- The body subsections should contain a single idea each, and you should provide sufficient evidence to sustain your claims. For instance, you could reinforce your concepts using statistics, real-life cases, facts, and famous quotes. Choose the points that hold the most weight from your rough draft. Make the paragraphs more engaging by comparing or using hypothetical examples like supposing that and what would. Explain and give a backstory of your ideas. Never assume that the readers are familiar with the topic.
- The summarizing paragraph includes a brief description of the primary ideas and persuades the audience to embrace your perspective or take certain initiatives. The last sentence can be a question that makes the readers think deeply, a forecast that requires immediate action or a proposal for the readers to act on specific ideas.
3. Review Your Essay
Revising your essay is a crucial part of the writing process because this is where you modify, and prepare your writing and make it better. The following questions will help you to revise your work:
- Is your essay sensible and do have you provided substantial evidence in the form of examples and facts?
- Does your introduction have a hook?
- Are the ideas arranged systematically in their paragraphs?
- Is there a paragraph for the contrasting side?
- Have you summarized the ideas in the concluding paragraph, and does it show the side you support?
If your persuasive essay does not meet the standard, review the thesis statement. Is it strong enough? You can check this by drafting the contrasting side’s thesis statement. This comparison will help you to improve your thesis.
4. Edit Your Work
Proofreading your work is crucial because you get to correct the grammatical and punctuation errors as well as edit to clarify the issues and make it simple for the readers to understand. Ensure that you go through the paragraphs slowly to avoid missing any errors. Correcting the grammatical and punctuation errors is necessary because a misspelled word or a misplaced punctuation mark could bring different meaning. You ought to correct all the errors, whether big or small, to minimize misunderstanding. Aim for clarity instead of showing off, for instance, use simple words rather than vague, complex words.
The following points will help you to proofread effortlessly:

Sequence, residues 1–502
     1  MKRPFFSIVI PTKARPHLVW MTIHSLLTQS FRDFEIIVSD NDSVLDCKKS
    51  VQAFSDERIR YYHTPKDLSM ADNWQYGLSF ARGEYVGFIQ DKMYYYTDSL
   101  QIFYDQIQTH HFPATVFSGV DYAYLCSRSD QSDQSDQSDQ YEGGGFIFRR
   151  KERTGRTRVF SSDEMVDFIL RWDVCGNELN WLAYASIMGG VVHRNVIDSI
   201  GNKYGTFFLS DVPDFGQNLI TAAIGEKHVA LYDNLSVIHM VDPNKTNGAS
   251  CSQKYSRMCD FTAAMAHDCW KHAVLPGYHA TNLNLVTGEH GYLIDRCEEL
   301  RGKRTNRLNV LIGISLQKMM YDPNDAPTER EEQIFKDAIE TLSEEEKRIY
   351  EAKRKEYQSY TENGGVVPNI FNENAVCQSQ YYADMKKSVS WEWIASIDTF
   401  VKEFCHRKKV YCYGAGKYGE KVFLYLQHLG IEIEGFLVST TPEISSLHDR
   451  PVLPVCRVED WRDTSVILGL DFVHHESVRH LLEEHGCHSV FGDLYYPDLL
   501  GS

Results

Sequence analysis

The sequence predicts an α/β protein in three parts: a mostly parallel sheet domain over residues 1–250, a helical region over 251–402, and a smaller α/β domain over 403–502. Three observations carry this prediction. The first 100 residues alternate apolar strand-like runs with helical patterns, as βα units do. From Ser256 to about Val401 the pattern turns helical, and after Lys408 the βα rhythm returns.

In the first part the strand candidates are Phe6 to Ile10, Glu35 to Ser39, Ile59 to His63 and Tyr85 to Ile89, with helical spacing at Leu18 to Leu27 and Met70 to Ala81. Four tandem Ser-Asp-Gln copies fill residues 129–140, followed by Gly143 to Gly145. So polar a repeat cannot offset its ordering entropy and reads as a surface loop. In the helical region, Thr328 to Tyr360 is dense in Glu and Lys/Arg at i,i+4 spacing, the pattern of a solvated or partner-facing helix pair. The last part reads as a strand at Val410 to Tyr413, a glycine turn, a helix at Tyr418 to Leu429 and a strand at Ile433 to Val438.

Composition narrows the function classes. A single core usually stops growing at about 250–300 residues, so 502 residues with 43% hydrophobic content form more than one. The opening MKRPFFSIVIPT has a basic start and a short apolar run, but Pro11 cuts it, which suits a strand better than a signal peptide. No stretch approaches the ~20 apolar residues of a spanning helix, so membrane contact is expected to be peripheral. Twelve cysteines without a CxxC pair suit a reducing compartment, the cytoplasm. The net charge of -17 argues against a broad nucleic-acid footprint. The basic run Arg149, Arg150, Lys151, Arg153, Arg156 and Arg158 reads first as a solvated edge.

- Ensure that all your points relate to the topic and that your paragraphs end without leaving the reader hanging.
- Did you provide enough evidence? If not research further and use more resources.
- Does your essay make sense, do the ideas flow smoothly?
- Read out loud. This strategy will help you to identify words that sound wrong.
- Have you followed the teachers’ instructions?
Concentrating on a single issue at a time helps you to correct all the errors. If you don’t like proofreading several times, having somebody else read your essay will help to recognize the mistakes you could not identify. Remember that revision comes before proofreading because the former deals with the big issues while the latter deals with the organization and grammatical errors.
Unlike revising the persuasive essay where you read from the audience’s perspective, in proofreading, you read slowly and try to correct the errors.
5. Present Your Work
Presenting your persuasive essay before the class can be intimidating; however, you get to learn from your mistakes and also from others. The teacher’s comments will show you where you need to improve. The feedback will also help to point out your weaknesses; this will make you write future essays knowing what to avoid.
Writing a persuasive essay is not as challenging as most students think. When you understand the meaning of this essay, you will be able to gather relevant information which will help you to write a comprehensive assignment. Like all other essays, a persuasive essay contains the introduction, a middle section where you express your ideas, and the conclusion. Remember to revise and edit your work before the presentation.